My daughter and I are a lot alike. We share similar values: nurturing family ties, communicating openly, celebrating birthdays and holidays, taking care of our bodies with exercise and healthy food, vacationing together as a family and enjoying satisfying conversations with close women friends.

Becoming a Grandma
Thirteen years ago when my daughter was pregnant with her first daughter, she invited me to attend the birth. It was the greatest gift she ever gave me. On April 26, 2003, I stood at the foot of my daughter’s hospital bed right beside the midwife. When the little head emerged, the midwife gently lifted the baby and I saw that her eyes were wide open.

We looked at each other and in that moment, we formed a bond that has grown stronger every year. I leaped in the air and went completely gaga! Then I ran down the hall to find my husband and tell him: “We’re grandparents! We have a granddaughter!”

The next few days after witnessing Juliet’s birth, I told everyone I met – even the checker at Safeway – “I’m a brand new grandma!”

It was comical. When I came back down to earth, I realized I was I not the first grandma to feel this way. Every grandma I talked to was just as “gaga” about her grandchild(ren) as I was about mine.

I spent the next two weeks helping my daughter and the new baby. That’s when something even more important occurred to me – being a grandma is complicated – more complicated than being a parent because more people are involved and we’re not the ones in charge any more.

Adjusting to New Parenting Methods
I used to joke to my grandma friends that when I visited my daughter and her family, I felt like an anthropologist observing a native tribe and learning its customs. I watched and learned and admired how well my two granddaughters thrived as my daughter explained all the theories behind her choices.

During that first month after my granddaughter’s birth and in the years that followed, I realized that my daughter and I, while a lot alike, are also very different. I learned to “get on board” with different parenting methods that were totally new to me: attachment parenting, co-sleeping, breastfeeding on demand, baby sign language, homeschooling and following a vegan diet.

I wanted to know what other grandmas were experiencing so seven months after Juliet was born, I invited all the grandmas I knew to begin a conversation about what it means to be a modern grandma.

Fifteen grandmas sat in a circle in my living room and we told stories about what our grandchildren call us and how we got those names, the great lengths we go to see them, how we juggle all our roles to make time for them, and most importantly, how we get along with their sometimes-prickly parents. Grandmas have lots of wisdom and life experiences but we still face new challenges. When we become grandmas, we need support and reassurance from other grandmas.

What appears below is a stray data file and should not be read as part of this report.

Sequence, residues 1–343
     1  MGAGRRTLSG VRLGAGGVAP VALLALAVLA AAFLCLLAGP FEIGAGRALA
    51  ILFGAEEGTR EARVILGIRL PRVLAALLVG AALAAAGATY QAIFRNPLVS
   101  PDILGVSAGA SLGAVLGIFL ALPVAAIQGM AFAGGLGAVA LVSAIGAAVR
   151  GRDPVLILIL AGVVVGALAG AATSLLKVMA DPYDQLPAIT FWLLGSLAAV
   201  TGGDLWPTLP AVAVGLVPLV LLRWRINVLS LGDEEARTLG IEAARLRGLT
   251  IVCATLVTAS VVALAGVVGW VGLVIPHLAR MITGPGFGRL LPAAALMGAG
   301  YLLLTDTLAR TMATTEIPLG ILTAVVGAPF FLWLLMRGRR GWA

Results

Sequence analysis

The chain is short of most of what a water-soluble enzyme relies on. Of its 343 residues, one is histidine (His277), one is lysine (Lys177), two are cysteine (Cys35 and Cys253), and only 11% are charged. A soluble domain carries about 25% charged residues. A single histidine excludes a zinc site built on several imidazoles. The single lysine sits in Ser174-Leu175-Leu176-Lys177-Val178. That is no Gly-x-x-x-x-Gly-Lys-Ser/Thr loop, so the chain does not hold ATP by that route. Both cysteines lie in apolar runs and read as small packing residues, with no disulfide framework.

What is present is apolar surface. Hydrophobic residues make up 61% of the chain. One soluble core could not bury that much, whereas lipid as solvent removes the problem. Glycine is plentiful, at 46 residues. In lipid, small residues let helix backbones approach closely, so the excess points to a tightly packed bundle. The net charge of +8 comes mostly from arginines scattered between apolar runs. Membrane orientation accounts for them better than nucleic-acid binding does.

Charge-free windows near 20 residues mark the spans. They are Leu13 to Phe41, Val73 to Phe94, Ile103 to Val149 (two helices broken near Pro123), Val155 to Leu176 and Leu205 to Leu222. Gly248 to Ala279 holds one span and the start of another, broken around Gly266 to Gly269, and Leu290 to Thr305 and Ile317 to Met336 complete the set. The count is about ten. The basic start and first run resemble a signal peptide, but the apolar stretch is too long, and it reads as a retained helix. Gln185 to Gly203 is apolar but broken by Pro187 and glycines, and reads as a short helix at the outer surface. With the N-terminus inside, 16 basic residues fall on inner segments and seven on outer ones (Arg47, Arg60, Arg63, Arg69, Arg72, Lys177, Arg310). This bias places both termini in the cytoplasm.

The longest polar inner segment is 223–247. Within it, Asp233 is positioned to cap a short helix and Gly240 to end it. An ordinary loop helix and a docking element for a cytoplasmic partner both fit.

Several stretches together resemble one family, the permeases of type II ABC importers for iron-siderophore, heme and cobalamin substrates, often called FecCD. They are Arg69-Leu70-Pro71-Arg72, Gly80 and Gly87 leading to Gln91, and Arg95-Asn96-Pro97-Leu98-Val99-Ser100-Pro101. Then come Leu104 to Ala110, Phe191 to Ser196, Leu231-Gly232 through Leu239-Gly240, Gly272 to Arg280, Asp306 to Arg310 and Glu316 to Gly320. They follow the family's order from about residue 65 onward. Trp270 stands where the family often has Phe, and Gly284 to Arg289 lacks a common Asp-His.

Birth of the GaGa Sisterhood
That afternoon in my living room, a new community was formed — the GaGa Sisterhood, a social network where grandmas bond, brag and benefit. Over the past 13 years, grandmas from around the country have joined the GaGa Sisterhood. In our Silicon Valley chapter, we meet every other month to hear speakers who enlighten and inspire us to continue growing along with our children and grandchildren.

One of our most popular discussions was titled “When Being a Grandma Isn’t So Grand.” As grandmas talked about their challenges, we all nodded in agreement. The three most common challenges that grandmas identified are:

• Communication issues with their grandchild’s parents
• Not understanding today’s modern parenting methods
• Coping with feelings of being unappreciated or left out

That meeting confirmed my belief that grandmas are often reluctant to talk about their challenges. In 2012, I wrote a book about the grandparent-adult child relationship. I interviewed grandmas and moms to get their perspective on conflicts, misunderstandings and what moms wished they could tell grandparents.

4 Tips for Bonding with Your Grandchild’s Parents
In my book, When Being a Grandma Isn’t So Grand, I use the acronym L.O.V.E. to help grandparents remember four important tips for building a loving bond with their grandchild’s parents:

Learn the parents’ language so that you understand their parenting philosophy.

Own your shared purpose of nurturing a healthy, adjusted child.

Value the parents’ hard work and good intentions so that you share mutual respect.

Empathize! Empathize! Empathize! Empathy is infinitely more valuable than advice.

My purpose in writing the book was to share both sides of the grandparent relationship, so that grandmas can understand how moms feel and in turn, moms can understand how grandmas feel. It doesn’t mean that we’ll always agree with each other but through understanding, we can build mutual respect and trust. That’s the place my daughter and I have reached despite our many differences.

Donne Davis and her husband live in the San Francisco Bay Area. They have two grown children and three granddaughters. Her book, When Being a Grandma Isn’t So Grand, is available on Amazon. You can read her award-winning blog at or email her at